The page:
The history of the United States economy is filled with boom and bust cycles--often with more regularity, extremes, and currency impacts than the generally steady climate the past two or three generations have experienced. The banking panic of 1907 was similar to many other downturns in its effect on both the economy and the political landscape. The exponential growth of the economy in the decades and years leading up to 1907 had created a particularly volatile situation as the financial infrastructure that was mostly established pre-industrial society was not able to keep up. The lack of a central bank, or alternate centralized monetary controls or regulations, combined with a widely distributed and decentralized banking system across rural areas created a web of interdependencies among financial institutions--large and small--that were neither transparent nor understood by almost anyone. The system was not able to absorb the shocks of the San Francisco earthquake followed by the even the collapse of small corporations whose finances were overleveraged to banks who were also overleveraged. Even if these events had not set off the panic in 1907, the system would have collapsed due to some other events.
1907 was similar to its counterpart one hundred years later in that both were essentially credit crunches do to overly risky, opaque investments by the large banks. However, the similarities end there. With a lack of a central bank or similar institution, there were limited abilities in 1907 for a coordinated reaction to the events as they were unfolding. The establishment of the Federal Reserve and other regulations were a direct result of that experience and of course were instrumental in controlling the magnitude of our most recent recession. (The Fed's effectiveness is admittadly a debatable point.)
At the same time, while a complex tangle of financial investments and relationships led to the panic, it was visible enough that J.P. Morgan and colleagues were able to manage the situation and control certain events from spiraling out of control via spot loans and bailouts of certain brokerages, clearing houses, and even the city of New York's payroll, that were seen as strategic cogs in the financial machine that would lead to out-of-control chaos if they went down. The argument is that Morgan et al's actions over several days in 1907 kept the panic at a recession-level downturn versus a disastrous depression that could have absolutely crippled the U.S. economy and currency.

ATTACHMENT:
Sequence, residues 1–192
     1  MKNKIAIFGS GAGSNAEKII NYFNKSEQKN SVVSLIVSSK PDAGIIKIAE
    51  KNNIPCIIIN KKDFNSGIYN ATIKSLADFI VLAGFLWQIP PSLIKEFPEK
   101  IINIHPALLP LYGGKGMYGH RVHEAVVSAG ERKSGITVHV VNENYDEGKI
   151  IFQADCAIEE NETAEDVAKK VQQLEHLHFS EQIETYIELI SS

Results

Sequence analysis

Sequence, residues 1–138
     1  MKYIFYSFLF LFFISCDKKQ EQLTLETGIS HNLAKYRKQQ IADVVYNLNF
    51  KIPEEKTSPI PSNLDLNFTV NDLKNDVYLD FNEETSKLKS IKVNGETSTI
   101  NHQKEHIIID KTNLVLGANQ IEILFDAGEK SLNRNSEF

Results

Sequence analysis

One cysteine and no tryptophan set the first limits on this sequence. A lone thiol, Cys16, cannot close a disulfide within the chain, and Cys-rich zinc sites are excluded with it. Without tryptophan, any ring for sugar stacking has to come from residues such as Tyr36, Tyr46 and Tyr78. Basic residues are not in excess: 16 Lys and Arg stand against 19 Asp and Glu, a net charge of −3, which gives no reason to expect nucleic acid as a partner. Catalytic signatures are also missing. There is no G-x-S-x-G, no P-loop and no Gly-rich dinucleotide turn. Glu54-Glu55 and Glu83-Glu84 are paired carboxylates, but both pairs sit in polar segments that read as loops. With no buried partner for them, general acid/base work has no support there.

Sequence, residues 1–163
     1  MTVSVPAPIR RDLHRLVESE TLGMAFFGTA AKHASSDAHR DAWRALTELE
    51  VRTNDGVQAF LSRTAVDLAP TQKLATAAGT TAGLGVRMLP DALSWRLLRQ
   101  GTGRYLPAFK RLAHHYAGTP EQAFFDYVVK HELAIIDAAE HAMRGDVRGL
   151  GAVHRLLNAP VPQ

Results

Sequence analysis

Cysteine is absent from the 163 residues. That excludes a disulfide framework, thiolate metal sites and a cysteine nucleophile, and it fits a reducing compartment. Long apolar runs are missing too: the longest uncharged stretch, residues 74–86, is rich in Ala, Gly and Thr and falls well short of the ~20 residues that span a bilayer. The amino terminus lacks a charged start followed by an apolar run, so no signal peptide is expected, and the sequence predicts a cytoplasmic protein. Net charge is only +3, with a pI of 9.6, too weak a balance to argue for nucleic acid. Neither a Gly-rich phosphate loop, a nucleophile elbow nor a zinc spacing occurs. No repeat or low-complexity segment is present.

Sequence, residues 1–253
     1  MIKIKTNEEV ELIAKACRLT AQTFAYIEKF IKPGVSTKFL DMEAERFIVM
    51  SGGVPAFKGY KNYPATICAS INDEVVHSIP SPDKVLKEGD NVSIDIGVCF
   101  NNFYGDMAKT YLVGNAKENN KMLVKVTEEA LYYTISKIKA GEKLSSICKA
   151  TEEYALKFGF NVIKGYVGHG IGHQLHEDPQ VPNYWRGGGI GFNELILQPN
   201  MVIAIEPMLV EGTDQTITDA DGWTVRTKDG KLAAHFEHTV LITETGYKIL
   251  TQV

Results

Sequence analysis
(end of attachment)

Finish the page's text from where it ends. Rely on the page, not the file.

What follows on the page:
The Panic of 1907 was one of the first books I identified for this reading list. Taken alone it is a good story, albeit a little academic, on the events leading up to a bank panic and the special circumstances and maybe even heroic efforts of a few powerful men in attempt to quell the storm. The author may be a little enamored with Morgan and I believe there are histories with alternative emphases on events or business cycle theories, but the basic simple lessons of how a panic can be generated are a good perspective to consider current events. As part of this reading project the book is even better in context after reading about the years of expansion and growth in industry, population, and local infrastructure. Transitioning to the next decade I am going to look at the upcoming political history, including the changing political priorities of Taft from Roosevelt coming out of this economic climate.
The book is an average read, 3/5 stars although it probably reads a little smoother than it should for the subject matter. On a side note, this was my first ebook, read on the Kindle app on an iPad, which was a surprisingly enjoyable experience. (Although it showed I still had 50% to read when it ended because of all of the appendices that I hadn't noticed.)
(Read February 2011)